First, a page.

Sunday, February 12, 2012

Reactor 2 RPV Bottom Temperature: 89.6 Degrees Celsius, 5AM on Feb 13

(UPDATE: The latest number is 91.2 degrees Celsius as of 10AM, 2/13/2012.)


For nearly 18 tonnes/hour water injection, the temperature hasn't dropped a bit. It remains high at 89.6 degrees Celsius at the Pressure Vessel bottom, but we're not supposed to worry. It's all nothing but instrument failure, as TEPCO and NISA have assured us.

From TEPCO's plant parameters, 2/13/2012:


Chibaguy said...

So the PM declares state of cold shutdown to the dismay of everyone watching (including TEPCO workers) and now TEPCO is forced to do the impossible. TEPCO is literally battling an instrument and everyone thing they are doing is leading to higher temperatures while creating more radioactive water.

Anonymous said...

Well not everyone was dismayed. Fukushima officials were happy, so were lots of residents there and in Kanto. TEPCO's headquarter people couldn't care less, because they are not at the plant. (Workers at the plant are a different story.)

netudiant said...

TEPCO estimates the residual decay heat in reactor 2 is 0.6 megawatts. That will boil a lot of water unless the heat is continually flushed away by flowing water.
Unfortunately, the inside of the reactor is damaged, so smooth cooling water flows are unlikely. It is most reasonable to assume the sensor is measuring a hot spot, where accumulated fuel is still producing decay heat faster than the water is taking it away. Eventually, that area will boil, adding a bit to the steam the reactor continues to produce.
The only problem is that this contradicts the claim the reactors are in 'cold shutdown', a meaningless phrase for reactors whose cores have all been destroyed.

PS: EX-SKF, there is no reason to let some nut abuse people,you included, on your own blog. Just cut off his postings, let this type chat with itself. They add zip to the discourse, other than to remind everyone how thin civilization really is.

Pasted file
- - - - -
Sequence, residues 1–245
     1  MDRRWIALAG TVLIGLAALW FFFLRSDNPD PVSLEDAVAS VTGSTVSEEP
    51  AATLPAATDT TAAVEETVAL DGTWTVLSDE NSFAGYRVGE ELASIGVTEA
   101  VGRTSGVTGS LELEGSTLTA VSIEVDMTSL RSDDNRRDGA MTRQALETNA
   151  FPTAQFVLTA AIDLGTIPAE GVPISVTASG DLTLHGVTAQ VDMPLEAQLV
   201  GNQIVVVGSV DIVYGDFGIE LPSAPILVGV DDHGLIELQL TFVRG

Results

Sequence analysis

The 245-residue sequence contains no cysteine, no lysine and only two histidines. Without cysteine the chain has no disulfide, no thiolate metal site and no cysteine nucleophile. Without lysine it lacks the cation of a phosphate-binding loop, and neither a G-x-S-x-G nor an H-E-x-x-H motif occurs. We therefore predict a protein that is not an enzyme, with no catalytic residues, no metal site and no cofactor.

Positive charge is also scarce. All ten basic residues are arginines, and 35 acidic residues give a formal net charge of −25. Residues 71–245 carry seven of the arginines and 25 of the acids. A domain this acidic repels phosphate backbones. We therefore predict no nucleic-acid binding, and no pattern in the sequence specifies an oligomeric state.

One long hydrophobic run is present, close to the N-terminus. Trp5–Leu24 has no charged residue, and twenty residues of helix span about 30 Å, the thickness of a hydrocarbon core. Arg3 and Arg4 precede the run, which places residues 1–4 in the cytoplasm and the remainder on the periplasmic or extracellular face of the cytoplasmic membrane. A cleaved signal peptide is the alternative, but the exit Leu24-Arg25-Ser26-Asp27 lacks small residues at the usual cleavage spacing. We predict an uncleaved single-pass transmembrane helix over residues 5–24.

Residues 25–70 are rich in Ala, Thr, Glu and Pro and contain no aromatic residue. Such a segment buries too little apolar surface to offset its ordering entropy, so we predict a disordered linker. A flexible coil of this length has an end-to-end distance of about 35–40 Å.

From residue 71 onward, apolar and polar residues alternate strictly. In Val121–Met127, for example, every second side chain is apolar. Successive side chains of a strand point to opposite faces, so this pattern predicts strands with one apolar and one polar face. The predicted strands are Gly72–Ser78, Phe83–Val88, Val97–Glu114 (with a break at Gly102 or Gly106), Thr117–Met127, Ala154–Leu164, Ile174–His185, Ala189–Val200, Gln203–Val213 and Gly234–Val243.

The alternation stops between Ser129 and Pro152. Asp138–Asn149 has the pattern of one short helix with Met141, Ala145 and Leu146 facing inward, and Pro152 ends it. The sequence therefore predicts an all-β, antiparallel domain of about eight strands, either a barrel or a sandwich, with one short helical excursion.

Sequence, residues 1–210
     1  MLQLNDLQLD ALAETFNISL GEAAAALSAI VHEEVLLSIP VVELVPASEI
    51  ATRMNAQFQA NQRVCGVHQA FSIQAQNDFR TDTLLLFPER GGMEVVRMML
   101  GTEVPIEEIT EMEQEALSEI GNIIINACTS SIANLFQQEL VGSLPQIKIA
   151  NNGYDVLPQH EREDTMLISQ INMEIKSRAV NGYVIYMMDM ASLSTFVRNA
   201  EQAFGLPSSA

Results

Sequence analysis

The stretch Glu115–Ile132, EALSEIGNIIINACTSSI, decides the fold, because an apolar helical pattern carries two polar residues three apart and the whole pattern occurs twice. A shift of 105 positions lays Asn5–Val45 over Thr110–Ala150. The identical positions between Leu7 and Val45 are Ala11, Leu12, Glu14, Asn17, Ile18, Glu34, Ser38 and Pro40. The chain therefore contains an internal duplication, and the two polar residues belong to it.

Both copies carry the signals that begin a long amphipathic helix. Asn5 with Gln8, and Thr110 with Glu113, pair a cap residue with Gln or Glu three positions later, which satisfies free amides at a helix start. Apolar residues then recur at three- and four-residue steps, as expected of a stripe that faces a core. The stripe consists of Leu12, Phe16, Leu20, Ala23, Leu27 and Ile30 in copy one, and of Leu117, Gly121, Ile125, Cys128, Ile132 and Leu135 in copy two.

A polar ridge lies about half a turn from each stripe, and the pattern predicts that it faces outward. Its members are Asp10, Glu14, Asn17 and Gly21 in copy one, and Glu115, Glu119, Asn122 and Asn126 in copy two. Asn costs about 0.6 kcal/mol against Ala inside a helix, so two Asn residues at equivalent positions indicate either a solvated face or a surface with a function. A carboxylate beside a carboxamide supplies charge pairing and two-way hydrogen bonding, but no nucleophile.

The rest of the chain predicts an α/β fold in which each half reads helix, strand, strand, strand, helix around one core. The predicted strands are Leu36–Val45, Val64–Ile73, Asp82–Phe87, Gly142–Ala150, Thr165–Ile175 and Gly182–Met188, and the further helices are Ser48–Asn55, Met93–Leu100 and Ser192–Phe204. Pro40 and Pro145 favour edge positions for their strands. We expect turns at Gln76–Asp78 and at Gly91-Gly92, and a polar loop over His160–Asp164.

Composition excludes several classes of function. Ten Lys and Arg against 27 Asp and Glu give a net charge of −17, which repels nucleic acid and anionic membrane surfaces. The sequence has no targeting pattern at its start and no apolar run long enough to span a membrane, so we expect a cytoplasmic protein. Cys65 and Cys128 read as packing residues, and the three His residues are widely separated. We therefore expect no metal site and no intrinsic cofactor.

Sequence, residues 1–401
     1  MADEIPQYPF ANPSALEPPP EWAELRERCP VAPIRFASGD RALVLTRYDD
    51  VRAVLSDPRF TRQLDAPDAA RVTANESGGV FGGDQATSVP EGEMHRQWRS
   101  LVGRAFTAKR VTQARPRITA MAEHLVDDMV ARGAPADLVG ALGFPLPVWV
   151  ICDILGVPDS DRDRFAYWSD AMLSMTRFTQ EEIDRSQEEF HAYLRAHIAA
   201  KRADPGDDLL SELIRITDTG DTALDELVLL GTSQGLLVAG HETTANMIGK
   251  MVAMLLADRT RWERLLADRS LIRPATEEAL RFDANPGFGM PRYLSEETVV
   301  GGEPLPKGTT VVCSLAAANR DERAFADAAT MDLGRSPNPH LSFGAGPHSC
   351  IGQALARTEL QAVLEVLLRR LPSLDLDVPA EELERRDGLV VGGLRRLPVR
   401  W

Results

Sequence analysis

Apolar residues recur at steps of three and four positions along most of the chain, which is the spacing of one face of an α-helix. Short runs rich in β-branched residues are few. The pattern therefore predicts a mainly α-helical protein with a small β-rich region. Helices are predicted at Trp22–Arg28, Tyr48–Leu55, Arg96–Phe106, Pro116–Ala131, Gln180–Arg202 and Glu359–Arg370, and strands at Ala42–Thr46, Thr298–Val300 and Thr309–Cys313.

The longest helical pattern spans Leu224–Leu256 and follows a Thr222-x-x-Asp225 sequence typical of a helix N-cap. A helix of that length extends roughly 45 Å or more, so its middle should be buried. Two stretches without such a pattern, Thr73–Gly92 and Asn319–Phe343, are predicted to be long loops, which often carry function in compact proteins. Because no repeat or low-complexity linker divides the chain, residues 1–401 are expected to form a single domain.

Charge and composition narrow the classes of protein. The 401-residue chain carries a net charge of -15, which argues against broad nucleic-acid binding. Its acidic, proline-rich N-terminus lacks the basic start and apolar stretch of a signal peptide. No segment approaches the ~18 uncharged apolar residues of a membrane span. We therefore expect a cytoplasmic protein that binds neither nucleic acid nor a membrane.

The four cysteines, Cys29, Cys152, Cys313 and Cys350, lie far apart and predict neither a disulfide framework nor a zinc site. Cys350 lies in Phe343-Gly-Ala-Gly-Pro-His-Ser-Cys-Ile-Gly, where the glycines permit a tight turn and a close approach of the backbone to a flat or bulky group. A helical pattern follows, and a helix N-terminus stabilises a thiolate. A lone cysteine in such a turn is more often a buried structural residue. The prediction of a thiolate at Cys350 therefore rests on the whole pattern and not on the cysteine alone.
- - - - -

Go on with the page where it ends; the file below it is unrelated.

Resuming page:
arevamirpal::laprimavera said...

@netudiant, thanks for your advice.

And your analysis, it makes sense. There are other places where temperature is either trending up a little or remains relatively high: CRD Housing, and RPV bellows seal at the flange. TEPCO claims the former as instrument failure, though it doesn't look that to me.

Andrew Spagnoli said...

CRD is a very logical hot spot. As a penetration of the vessel at the bottom end, it is exactly the sort of spot for fuel to melt through. As always, however, Tepco chooses the least likely and most benign explanation for every anomaly. In a complex system that carries risks to the public (like a nuke reactor) sound and responsible engineering principles require that we assume the worst, not the best, when we unknowns or conflicting data. Imagine waking up to the sound of your toddler crying and the smoke alarm going off in the basement. Would you evacuate the kids then? Or go back to sleep telling yourself: only the basement alarm is sounding not the one outside the bedroom so checking the basement is too much effort. OF COURSE YOU WOULDN'T. YOU CARE ABOUT YOUR FAMILY... does the nuclear industry care about them?
What dou YOU think?

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